By Vikrant Rana and Priya Adlakha
In a Commercial Suit titled as the Ferring B.V. & Ors. Vs Precise Bio Pharma Pvt. Ltd. & Ors., Hon’ble Ms. Justice Jyoti Singh of the Intellectual Property Division of the Delhi High Court, while adjudicating upon the suit for permanent injunction under Section 48 read with Sections 108 and 11A (7) of the Patents Act, 1970 (hereinafter, referred to as the ‘Act’), discussed the maintainability of an infringement suit, for the acts done by the Defendants, between the duration of grant of patent and the date of order setting aside such grant.
Brief Facts of the case
The Plaintiffs filed a Patent Cooperation Treaty (PCT) Application on March 20, 2013, for an RTS Carbetocin (when administered prevents excessive bleeding after child birth) claiming priority from September 30, 2010, which was eventually granted by the Assistant Controller of Patents vide an order dated January 27, 2022, dismissing pre-grant opposition filed by Precise Bio Pharma Pvt. Ltd. i.e. the Defendant No. 1 in this suit. The Certificate for the grant of patent was issued on January 27, 2022, and the grant of patent was published on February 04, 2022.
The Defendant No. 1 challenged the order granting a patent in a Writ Petition, before the Hon’ble Delhi High Court, on the sole ground that the order dated January 27, 2022, was a non-speaking order.
Hon’ble Mr. Justice Sanjeev Narula of the Delhi High Court, hearing the aforesaid writ petition vide order dated March 03, 2022, set aside the impugned order dated January 27, 2022, on the ground that it was bereft of any reason, and was a non-speaking order, thereby remanding the matter to the Assistant Controller of Patents and Designs, to pass a reasoned order within four weeks, justifying the rejection of the pre-grant opposition. The said order was later modified on March 22, 2022, to the extent that the direction issued to Assistant Controller of Patents and Designs to pass a reasoned order, does not necessarily have to result in a rejection of a pre-grant opposition and he shall be free to adjudicate the pre-grant opposition in any manner as deem appropriate in facts and circumstances of the case, in accordance with law, within the extended period of four weeks.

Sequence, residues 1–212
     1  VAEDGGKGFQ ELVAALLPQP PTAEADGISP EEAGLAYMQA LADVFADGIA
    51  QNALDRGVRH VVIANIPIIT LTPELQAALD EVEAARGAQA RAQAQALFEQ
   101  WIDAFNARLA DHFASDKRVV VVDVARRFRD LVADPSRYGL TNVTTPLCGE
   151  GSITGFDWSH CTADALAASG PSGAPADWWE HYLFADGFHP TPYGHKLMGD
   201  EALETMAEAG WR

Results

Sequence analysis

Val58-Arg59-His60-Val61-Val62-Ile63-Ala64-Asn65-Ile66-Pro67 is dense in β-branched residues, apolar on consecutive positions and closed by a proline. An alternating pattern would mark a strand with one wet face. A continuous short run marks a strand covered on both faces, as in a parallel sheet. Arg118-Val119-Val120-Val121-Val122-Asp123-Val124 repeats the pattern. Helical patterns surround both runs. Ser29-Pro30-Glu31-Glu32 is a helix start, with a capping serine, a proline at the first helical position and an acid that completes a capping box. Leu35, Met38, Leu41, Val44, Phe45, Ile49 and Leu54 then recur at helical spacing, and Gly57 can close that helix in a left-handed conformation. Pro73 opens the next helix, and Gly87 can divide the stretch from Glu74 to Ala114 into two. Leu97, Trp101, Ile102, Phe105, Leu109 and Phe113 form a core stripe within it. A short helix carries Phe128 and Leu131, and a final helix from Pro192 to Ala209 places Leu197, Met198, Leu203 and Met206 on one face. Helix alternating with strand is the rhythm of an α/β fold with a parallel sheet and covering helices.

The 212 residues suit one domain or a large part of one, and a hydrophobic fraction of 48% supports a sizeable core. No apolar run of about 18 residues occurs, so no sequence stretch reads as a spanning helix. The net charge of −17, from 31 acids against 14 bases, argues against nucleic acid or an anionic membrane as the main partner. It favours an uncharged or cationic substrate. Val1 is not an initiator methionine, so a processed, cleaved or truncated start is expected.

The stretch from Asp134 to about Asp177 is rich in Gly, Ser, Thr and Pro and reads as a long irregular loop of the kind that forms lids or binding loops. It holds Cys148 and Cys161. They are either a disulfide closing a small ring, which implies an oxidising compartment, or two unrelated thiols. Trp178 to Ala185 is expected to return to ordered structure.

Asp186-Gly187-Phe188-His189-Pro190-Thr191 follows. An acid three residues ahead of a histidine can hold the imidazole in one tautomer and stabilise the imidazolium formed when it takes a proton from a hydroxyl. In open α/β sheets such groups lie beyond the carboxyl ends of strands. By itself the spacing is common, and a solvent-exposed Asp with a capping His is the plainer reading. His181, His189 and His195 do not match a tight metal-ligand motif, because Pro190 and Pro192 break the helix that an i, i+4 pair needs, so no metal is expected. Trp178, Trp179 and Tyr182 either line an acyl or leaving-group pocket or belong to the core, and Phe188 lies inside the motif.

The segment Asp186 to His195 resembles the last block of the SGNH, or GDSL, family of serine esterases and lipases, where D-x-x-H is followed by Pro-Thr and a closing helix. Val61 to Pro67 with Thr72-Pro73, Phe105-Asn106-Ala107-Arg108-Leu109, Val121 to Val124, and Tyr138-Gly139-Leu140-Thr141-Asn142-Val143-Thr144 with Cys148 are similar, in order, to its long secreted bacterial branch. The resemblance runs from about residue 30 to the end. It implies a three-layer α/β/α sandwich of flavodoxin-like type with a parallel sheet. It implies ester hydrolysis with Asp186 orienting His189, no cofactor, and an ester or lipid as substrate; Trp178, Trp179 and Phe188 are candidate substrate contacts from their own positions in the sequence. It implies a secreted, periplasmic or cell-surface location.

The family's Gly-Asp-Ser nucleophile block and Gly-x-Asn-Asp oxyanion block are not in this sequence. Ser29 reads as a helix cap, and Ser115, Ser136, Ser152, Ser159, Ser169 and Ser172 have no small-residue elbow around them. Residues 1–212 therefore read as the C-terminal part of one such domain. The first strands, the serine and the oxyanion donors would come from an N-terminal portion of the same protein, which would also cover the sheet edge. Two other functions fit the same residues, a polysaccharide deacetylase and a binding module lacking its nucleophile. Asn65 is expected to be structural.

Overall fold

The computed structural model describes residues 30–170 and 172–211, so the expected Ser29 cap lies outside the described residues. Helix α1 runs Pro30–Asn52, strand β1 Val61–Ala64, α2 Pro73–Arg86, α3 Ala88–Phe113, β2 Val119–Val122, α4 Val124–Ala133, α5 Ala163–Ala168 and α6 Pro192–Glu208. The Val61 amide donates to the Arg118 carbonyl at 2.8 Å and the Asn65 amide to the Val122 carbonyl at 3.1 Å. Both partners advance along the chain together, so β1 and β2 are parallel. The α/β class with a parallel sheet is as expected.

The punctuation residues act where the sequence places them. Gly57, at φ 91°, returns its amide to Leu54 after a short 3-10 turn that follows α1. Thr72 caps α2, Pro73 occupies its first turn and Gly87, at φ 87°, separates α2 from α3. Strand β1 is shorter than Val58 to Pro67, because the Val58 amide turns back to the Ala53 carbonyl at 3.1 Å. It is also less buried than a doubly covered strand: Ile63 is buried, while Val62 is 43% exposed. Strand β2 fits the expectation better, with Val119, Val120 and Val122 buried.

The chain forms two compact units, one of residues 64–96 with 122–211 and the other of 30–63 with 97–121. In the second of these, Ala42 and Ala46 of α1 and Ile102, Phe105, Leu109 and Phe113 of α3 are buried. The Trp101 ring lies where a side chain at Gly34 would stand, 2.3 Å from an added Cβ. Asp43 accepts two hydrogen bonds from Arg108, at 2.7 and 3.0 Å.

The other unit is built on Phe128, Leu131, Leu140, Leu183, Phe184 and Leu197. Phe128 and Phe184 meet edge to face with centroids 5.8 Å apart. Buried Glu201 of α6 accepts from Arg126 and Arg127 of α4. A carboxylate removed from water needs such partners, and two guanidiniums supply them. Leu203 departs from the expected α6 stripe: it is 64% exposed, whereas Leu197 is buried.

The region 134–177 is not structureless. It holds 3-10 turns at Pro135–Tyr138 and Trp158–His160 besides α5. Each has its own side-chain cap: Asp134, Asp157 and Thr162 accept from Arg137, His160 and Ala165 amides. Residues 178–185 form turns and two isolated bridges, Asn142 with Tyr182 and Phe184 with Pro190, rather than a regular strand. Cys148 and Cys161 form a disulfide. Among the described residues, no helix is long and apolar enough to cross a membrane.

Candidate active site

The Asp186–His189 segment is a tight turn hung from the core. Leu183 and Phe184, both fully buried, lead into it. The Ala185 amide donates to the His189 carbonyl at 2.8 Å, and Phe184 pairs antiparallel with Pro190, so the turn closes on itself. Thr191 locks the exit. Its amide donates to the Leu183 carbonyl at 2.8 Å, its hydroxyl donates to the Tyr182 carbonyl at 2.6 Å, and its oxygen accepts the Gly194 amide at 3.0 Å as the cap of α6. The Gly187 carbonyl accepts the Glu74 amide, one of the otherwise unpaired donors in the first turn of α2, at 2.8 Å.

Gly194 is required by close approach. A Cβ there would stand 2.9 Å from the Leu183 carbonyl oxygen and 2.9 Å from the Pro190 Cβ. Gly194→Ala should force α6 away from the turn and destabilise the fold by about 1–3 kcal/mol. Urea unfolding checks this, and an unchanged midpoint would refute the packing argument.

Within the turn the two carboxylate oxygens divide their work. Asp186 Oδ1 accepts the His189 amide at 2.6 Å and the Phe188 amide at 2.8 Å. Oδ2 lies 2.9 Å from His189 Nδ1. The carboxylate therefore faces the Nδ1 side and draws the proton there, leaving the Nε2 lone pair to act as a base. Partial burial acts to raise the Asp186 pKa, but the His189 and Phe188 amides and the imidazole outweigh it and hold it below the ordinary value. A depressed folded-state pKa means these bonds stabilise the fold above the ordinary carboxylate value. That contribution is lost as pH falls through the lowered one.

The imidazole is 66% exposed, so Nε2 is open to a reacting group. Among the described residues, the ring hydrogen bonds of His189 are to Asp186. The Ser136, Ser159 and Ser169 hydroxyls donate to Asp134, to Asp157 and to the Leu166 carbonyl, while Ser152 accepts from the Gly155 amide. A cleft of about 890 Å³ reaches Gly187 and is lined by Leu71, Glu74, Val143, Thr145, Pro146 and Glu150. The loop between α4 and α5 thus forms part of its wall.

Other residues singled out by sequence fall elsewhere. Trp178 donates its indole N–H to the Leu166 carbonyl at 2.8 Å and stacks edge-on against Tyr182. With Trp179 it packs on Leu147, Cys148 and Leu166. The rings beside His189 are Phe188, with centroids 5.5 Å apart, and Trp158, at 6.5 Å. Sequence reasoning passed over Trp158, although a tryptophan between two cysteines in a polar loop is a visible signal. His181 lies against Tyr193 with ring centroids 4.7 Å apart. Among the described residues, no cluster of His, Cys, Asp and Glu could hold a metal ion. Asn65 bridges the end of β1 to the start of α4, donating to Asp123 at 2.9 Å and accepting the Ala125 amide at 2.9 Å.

The Plaintiffs, in their suit for permanent injunction inter-alia sought damages, delivery up and recall of infringing products, disclosure, and deposit of sale proceeds alleging infringement of the patent IN 387567 for the period 31.10.2014 i.e. the date of publication to 03.03.2022 i.e. the date of setting aside the order of grant.
The Plaintiffs contented that the Defendant No. 1 had started the manufacturing of the generic RTS Carbetocin 100 mcg/ml that is the subject matter of the suit patent, which would eventually be sold and marketed by the Defendant Nos. 2 and 3. Therefore, since the patent had been granted in favour of the Plaintiffs on January 27, 2022, and was valid and subsisting for the month of February, 2022, before the order of grant was set aside on March 03, 2022 in the writ petition, any act of manufacturing, using, selling or offering for sale of the infringing product in the said duration, would amount to infringement of the suit patent under Section 48 of the Act.
The Plaintiffs placed reliance on Astra Zeneca AB and Anr. Vs Natco Pharma Ltd. and Sotefin SA vs Indraprastha Cancer Society and Research Center and Ors. to contend that if the infringement had occurred during the lifetime of the patent, the infringing good would not become genuine on the expiry of the patent, and the Plaintiffs therefore would be entitled to seek restraint with respect to the infringing products, which had either been made or imported at the time of the suit patent being valid or subsisting.